Wilton fondant tastes awful and is hard to work with.  The white likes to pick up clothing fibers.  You buy satin ice.  I know itโ€™s on amazon, but Iโ€™ve seen it at Michaels.  I color fondant (Satin Ice) with Roxy and rich fondust. There are recipes for fondant, but Iโ€™ve never had success making it.  Iโ€™m not sure how much meringue powder to add to make it stiffer.  You will have to experiment.  My friend who is a teacher loves it.  Are you using wilton meringue powder?  I prefer Genies dream meringue powder.  I use the recipe on the container and I really like it.  

I am not yet experienced enough to make fondant on my own for sure, so currently if I want to experiment it on cookies, it has to be store bought fondant.

Yes, I use Wilton meringue powder. Will try out Genies meringue powder too.

Thanks again @Econlady

Hi @Anupama Joshi,
I don't particularly like the taste of fondant either. Especially when he's so thick on the cookies. If you are looking for a softer alternative, I can recommend adding modeling marzipan! Or rather, 2/3 modeling marzipan, 1/3 fondant. It tastes like marzipan. However, you don't get pure white with it and with lighter colors you can also see the tiny almond pieces in the marzipan. And: it can only be painted with powder paints. But it tastes good and stays soft! I would like to show you an example of my marzipan fondant:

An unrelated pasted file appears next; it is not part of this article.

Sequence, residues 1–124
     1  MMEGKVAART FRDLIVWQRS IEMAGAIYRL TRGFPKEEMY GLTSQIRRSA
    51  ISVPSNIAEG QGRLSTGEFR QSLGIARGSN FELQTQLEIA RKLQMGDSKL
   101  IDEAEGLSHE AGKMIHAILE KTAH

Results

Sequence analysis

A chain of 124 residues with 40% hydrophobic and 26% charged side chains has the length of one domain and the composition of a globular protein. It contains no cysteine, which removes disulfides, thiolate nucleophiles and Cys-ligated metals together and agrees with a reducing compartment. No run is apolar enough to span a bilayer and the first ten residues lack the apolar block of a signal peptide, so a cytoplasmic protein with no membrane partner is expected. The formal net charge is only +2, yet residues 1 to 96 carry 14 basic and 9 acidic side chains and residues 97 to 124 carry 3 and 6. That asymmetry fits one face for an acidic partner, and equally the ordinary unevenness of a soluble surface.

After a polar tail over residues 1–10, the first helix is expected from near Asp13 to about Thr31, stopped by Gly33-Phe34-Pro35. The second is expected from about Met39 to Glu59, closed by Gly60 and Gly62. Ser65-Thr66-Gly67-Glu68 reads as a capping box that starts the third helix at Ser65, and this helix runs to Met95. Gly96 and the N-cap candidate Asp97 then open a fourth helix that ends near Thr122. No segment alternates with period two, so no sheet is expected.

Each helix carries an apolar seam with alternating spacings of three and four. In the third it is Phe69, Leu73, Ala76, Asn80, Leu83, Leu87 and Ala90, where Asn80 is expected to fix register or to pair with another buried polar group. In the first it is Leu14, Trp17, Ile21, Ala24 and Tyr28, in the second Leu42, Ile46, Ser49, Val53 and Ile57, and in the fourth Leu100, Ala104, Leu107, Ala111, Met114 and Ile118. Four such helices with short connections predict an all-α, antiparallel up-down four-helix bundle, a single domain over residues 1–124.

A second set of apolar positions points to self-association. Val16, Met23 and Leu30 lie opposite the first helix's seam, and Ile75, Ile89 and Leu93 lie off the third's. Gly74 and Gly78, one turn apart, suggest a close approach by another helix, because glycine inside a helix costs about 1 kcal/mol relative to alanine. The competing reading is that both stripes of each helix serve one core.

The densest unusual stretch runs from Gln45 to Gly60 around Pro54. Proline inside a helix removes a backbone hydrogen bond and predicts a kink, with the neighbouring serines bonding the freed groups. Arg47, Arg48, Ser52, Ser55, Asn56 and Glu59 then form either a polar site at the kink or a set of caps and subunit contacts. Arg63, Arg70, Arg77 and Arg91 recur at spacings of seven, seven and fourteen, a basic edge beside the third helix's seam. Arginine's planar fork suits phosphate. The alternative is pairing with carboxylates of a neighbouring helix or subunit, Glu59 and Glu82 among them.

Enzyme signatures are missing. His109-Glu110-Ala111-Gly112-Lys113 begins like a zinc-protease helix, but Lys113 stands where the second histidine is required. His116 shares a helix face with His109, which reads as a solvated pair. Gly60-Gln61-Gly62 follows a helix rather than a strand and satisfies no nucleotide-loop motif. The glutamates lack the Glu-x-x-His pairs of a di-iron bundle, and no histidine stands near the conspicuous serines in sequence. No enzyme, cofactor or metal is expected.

The cones and holly leaves are made of marzipan with fondant.

P1240844cc

@Icingsugarkeks What a great hack! When I was in Europe I have tried enough and more of marzipan and would say it definitely tastes was better than fondant. I am now eager to try this mixture of marzipan and fondant and see how that works out taste wise and consistency wise, both. However, as much as saw on Amazon.ca (Canada) Marzipan doesn't seem to be as easily available as fondant also, seems pricier. Am I missing something? Would you have recommendations for from where can I buy it or order it online? And also any Marzipan brand recommendations?